Red Bluff Bay is one of the most iconic places on Baranof Island. The area gets its name from the red, ultramafic (meaning high iron content) of the bedrock outcrop that marks the entrance of the bay. SCS's Wilderness Crew, accompanied by author Nick Jans, targeted the bluffs as a prime environment to survey for rare and sensitive plants. Red Bluff is also a popular destination for travelers and small cruise boats, so it was also important to monitor the base-line levels of human use to ensure that we don't "love this place to death."
Goulding Lakes are a series of three large lakes right in the middle of West Chichagof-Yakobi Wilderness area. In the summer of 2010, the SCS Wilderness Crew comprised of SCS staff and a number of volunteers, flew into the largest of the lakes with the goal of survey priority areas as they backpacked north to Stag Bay. Check out the video to see how the adventure unfolded.
On the day before Halloween, the US Forest Service announced they were going to reduce the already insufficient $1.1 million dollar Wilderness and Recreation budget for the entire Tongass National Forest by over half a million dollars.
This is "budgetary clear-cutting" with the Forest Service already proposing theclosure of 12 cabinsalongside a reduction in the staff positions responsible for maintaining trails, keeping cabins stocked and safe, and processing the permits for guides and tour operators.
Cabin closures and loss of Wilderness and Recreation staff overall signifies a lack of prioritization of the tourism and recreation industries here in the Tongass National Forest. The tourism industry alone racks in$1 Billion annuallywith thousands of visitors coming every year to experience the wilderness of Southeast Alaska.
The Forest Service is not fulfilling its promise of theTongass Transition. The Transition is a framework the agency adopted in 2010 aimed at creating jobs in sectors like recreation and tourism while moving away from Southeast's outdated timber management program. For instance, next year the Forest Service has estimates that just one timber sale will COST taxpayers $15.6 Million (that's over 25 times the entire Wilderness and Rec budget). The Transition (where it to be enacted) would dictate that sustainable and profitable programs like Recreation and Wilderness would take precedence over such wasteful timber projects.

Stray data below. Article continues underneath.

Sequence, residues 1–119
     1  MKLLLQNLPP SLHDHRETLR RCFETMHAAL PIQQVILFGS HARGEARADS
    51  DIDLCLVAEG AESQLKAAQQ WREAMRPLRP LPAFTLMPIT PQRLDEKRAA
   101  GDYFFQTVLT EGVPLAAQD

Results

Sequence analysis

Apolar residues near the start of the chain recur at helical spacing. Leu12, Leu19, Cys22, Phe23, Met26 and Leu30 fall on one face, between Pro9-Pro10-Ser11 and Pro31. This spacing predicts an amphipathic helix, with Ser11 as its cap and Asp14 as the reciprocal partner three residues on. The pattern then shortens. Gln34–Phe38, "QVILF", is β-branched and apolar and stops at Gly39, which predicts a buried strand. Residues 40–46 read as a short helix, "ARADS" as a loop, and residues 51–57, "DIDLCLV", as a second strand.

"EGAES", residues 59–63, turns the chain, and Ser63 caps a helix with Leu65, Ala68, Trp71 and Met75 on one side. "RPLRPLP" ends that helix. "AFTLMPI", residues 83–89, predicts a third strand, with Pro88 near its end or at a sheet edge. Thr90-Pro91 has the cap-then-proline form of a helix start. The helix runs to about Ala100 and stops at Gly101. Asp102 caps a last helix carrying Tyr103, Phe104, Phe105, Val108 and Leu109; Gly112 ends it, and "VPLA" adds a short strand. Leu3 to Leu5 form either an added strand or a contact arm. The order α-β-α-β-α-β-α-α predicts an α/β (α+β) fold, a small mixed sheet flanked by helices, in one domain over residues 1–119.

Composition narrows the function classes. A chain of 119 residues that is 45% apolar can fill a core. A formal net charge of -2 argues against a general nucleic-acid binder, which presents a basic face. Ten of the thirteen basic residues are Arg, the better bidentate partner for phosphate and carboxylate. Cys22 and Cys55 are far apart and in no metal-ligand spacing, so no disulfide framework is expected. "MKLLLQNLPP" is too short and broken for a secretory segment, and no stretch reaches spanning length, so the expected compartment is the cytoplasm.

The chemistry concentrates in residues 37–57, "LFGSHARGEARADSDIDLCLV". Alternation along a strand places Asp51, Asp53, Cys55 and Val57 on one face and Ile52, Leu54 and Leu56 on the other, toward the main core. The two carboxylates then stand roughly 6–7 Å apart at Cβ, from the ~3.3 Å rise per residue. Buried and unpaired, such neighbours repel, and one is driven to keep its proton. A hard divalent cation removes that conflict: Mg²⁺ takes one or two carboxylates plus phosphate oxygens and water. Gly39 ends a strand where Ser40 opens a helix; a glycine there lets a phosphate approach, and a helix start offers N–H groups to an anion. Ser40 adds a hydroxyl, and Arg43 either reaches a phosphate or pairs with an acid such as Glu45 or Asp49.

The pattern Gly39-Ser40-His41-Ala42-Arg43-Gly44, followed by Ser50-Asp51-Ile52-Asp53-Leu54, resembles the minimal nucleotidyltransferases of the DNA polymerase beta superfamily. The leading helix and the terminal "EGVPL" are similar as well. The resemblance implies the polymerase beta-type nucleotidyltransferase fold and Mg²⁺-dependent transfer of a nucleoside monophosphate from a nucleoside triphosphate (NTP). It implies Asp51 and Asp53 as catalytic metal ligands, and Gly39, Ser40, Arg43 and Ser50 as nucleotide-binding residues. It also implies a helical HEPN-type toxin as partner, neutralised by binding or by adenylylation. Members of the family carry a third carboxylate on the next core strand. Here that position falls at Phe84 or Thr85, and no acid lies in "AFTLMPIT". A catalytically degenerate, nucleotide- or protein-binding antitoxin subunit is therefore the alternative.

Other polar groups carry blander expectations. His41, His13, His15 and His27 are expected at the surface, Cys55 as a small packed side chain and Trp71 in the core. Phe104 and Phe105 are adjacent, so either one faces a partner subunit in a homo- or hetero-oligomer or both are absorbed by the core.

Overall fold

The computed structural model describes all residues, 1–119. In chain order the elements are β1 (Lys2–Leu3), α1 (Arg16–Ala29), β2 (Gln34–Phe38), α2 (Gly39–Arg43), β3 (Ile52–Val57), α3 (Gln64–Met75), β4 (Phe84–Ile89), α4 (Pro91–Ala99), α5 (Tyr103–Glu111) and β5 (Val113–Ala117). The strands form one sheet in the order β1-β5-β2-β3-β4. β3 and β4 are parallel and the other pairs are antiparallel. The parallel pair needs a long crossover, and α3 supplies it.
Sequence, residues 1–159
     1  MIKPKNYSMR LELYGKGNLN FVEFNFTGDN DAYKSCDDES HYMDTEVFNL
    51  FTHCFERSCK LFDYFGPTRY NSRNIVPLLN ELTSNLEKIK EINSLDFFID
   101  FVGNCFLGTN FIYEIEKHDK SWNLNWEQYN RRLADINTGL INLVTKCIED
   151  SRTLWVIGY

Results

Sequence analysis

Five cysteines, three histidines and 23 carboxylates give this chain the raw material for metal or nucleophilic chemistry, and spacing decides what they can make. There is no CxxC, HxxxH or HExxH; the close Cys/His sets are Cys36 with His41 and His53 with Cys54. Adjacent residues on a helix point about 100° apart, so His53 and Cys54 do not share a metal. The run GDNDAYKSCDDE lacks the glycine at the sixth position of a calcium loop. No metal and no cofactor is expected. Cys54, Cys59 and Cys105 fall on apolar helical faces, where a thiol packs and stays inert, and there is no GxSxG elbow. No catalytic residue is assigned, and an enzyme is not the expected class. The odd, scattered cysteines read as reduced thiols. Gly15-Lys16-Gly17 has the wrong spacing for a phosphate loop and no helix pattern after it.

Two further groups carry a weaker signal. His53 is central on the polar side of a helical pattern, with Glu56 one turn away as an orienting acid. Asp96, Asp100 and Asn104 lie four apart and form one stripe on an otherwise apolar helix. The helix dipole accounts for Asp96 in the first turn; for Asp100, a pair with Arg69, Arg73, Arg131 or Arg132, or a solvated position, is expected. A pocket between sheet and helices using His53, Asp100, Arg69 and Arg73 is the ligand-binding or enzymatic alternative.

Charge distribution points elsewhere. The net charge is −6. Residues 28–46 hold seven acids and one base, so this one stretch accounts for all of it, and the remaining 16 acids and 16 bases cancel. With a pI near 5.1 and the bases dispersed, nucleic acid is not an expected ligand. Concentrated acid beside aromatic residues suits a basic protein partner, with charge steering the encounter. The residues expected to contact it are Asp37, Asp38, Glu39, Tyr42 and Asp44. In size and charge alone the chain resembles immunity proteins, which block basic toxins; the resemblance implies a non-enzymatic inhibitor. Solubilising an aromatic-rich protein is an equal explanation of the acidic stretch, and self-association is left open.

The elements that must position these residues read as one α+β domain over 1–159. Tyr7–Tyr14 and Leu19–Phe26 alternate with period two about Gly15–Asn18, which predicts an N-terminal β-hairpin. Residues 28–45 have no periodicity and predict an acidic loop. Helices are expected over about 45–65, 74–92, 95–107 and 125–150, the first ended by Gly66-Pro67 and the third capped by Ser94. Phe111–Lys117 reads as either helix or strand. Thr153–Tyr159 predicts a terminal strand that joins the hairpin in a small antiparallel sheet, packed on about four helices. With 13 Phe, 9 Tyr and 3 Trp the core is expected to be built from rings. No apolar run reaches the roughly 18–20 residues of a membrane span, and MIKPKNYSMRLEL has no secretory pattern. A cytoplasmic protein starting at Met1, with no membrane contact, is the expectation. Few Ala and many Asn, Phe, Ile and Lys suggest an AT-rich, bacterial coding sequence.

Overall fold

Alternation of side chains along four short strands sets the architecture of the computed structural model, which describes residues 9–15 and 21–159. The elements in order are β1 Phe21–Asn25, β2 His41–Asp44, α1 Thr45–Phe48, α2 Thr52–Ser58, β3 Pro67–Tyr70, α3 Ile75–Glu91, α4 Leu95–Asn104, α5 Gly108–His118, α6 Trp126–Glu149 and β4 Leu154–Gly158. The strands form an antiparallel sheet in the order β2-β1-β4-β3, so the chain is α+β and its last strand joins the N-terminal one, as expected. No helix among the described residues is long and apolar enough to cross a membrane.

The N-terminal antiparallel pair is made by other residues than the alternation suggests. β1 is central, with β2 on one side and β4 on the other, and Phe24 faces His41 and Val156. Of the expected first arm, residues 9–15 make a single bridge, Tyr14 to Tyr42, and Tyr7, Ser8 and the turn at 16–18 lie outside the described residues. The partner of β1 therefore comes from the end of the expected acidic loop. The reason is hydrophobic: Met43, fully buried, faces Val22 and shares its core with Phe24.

The Forest Service enacted the Transition three years ago. Now we want them to take action to save our recreation and tourism opportunities from these budgetary reductions. We need to support what sustains our livelihoods here in the Tongass rather than reduce them year after year.
Contact Senator Begich and Senator Murkowski. Ask them to encourage the Forest Service to take action on the Tongass Transition by reallocating their budgets to make Wilderness and Recreation a priority and to push for more federal funding for the Forest Service. Email, while important, are not as effective as written letters. If you would like help drafting a letter, contact SCS at firstname.lastname@example.org or call (907) 747-7509.
SCS traveled with Forest Service personnel investigating the decommissioned cabins in Maksoutoff and Rezanof lakes. We conducted invasive and sensitive plant surveys on both Rezanof and Khostof lakes, including the main creek valley at the head of Rezanof Lake and up the northwestern slope of Mt. Hagemeister.
We did not locate any invasive plant species in the area.
The most unique vegetation type encountered on this trip was the grass dominated meadows on the eastern shore. The grasslands may be maintained by episodic flooding and/or browse of invading shrubs and trees.